Top for casual use and for sharing your adventures, Alex Roddie shares his komoot review after rigorous testing.

If you’re into road cycling or mountain biking, or if you want an app that’s both social platform and route planner combined, komoot is worth a look. Unlike most apps tested, in the komoot review the map screen is not front and centre here; the default page is ‘Discover’ (a social feed showing what your friends have been up to, plus selected route highlights you might be interested in). Click through to a route and it’s displayed with photos, distance, expected time, ascent, a map, and terrain information.

Komoot digital map

The ‘Plan’ page lets you plan a route. You can select a starting and finishing location, plus a number of waypoints in between, and the app will intelligently plot a route for you based on your selected sport (hiking, running, road cycling etc) and fitness level. This works well for lowland paths although it doesn’t have the manual control needed for off-path mountain use. However, the app contains a huge range of pre-planned routes you can choose if you want.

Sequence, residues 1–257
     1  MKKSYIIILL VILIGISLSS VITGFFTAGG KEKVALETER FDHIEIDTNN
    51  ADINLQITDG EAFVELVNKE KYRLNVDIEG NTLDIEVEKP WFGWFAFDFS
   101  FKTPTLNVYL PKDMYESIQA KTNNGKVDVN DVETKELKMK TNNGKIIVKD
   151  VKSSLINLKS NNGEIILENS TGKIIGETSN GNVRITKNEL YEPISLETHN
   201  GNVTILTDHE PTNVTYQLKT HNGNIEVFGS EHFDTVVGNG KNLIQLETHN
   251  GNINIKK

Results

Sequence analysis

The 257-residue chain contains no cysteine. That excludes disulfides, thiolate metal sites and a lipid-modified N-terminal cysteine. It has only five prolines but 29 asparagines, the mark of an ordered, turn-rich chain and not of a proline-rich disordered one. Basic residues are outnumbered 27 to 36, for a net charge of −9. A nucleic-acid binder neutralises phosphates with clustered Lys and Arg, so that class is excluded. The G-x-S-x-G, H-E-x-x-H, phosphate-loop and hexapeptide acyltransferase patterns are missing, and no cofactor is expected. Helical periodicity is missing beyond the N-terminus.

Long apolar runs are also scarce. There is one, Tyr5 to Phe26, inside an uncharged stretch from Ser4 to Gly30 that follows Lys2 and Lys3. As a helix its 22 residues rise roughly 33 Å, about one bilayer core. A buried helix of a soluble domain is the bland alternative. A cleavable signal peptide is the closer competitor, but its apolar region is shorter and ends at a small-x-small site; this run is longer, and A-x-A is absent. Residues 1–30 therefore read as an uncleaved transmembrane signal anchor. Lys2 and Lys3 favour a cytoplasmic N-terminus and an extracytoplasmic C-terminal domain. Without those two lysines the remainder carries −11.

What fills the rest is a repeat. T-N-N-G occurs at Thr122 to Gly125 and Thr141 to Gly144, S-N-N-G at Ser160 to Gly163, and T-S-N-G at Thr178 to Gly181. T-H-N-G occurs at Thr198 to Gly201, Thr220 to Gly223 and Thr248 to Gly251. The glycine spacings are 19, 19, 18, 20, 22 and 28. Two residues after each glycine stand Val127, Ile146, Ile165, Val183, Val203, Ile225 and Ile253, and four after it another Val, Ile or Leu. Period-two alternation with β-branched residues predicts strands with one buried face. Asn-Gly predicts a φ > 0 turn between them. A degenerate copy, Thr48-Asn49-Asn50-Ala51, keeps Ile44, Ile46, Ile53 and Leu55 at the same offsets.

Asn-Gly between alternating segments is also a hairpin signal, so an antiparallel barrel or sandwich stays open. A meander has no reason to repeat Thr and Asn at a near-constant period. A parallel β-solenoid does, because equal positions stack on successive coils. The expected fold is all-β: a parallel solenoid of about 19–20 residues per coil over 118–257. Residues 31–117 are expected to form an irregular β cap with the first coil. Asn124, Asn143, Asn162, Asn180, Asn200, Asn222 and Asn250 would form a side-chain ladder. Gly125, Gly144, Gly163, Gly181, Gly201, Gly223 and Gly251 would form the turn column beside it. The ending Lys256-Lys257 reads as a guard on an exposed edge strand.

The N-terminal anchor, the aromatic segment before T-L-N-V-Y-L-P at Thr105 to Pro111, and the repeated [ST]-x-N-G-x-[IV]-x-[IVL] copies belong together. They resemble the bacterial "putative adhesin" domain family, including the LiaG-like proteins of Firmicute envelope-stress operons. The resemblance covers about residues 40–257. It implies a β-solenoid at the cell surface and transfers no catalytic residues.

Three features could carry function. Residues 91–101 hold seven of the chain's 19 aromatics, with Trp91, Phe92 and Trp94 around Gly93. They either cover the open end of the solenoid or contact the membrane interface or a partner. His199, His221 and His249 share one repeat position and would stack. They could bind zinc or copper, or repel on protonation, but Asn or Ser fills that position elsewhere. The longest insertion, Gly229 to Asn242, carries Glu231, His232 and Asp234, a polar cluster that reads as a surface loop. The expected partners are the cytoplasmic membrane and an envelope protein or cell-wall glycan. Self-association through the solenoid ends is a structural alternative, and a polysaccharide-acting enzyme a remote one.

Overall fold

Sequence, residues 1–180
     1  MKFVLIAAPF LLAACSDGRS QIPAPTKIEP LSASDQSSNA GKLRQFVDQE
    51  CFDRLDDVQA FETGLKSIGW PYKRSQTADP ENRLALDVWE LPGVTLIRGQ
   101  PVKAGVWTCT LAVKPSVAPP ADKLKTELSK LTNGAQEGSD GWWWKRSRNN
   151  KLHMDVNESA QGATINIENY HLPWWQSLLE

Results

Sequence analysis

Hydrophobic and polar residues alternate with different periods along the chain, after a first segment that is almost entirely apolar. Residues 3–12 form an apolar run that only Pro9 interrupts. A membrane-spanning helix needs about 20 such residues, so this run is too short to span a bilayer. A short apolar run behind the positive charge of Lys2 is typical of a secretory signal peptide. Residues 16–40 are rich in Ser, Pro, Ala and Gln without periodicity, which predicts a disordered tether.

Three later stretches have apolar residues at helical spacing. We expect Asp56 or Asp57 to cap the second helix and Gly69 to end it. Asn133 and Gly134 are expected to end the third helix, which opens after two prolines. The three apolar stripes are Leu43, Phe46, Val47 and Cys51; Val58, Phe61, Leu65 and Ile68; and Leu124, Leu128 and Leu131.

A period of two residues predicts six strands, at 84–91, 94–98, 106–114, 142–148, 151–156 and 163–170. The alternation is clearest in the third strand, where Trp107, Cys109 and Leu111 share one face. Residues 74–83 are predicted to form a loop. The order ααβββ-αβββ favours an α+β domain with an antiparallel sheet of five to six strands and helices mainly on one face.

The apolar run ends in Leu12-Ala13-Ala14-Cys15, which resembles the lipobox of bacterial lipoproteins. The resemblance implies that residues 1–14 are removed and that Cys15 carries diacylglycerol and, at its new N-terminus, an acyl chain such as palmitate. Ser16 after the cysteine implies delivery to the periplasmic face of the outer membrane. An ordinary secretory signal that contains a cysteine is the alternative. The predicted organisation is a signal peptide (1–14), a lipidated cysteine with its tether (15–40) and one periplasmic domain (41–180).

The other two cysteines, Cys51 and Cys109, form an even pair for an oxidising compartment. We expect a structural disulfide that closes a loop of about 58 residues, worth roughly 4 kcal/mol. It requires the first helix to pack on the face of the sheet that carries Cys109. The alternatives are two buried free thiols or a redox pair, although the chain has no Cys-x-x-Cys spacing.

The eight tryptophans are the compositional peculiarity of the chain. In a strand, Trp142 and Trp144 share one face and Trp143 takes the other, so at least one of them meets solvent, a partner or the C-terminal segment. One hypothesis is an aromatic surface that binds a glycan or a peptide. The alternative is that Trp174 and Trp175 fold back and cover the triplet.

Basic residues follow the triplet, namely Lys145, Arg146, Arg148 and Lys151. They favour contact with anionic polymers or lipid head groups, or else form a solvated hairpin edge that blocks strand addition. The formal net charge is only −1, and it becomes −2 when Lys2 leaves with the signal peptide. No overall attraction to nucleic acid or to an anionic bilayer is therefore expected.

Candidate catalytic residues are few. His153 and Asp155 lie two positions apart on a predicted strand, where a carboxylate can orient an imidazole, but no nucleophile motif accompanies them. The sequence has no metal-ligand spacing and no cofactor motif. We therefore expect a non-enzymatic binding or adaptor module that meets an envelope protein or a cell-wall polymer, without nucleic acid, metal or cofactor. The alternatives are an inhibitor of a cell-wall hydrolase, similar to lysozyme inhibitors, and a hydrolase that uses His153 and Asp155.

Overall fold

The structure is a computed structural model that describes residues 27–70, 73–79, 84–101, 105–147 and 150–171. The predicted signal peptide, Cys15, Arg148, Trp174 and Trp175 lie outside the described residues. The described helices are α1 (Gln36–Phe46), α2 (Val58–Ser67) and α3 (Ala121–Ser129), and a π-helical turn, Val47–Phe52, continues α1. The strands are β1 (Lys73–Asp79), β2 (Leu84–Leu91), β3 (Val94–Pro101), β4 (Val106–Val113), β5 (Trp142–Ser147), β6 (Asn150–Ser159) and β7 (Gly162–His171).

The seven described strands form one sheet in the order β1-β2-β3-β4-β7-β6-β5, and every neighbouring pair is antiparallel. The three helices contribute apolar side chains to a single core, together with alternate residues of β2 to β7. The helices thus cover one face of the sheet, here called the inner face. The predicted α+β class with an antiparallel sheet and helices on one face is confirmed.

The komoot map is based on OpenStreetMap data and has contours, paths, and hill shading. Cliffs are shown but it’s nowhere near as detailed as OS mapping. Numerous ‘Hiking Highlights’ are shown on the map and you can optionally include these in routes. Offline use (Premium only) is effective and simple – rather than downloading tiles, you download an entire county or region at once. The app will import and export GPX files but this doesn’t work without an internet connection. When recording a tour, you can add your own highlights – geotagged locations with photos and descriptions.

Although komoot is not the app to choose if you want total control over your route planning, or intend to head off-path at high elevations, it’s fantastic for more casual use and is the best app tested for sharing your adventure with others.

Read more: Best hiking apps for digital mapping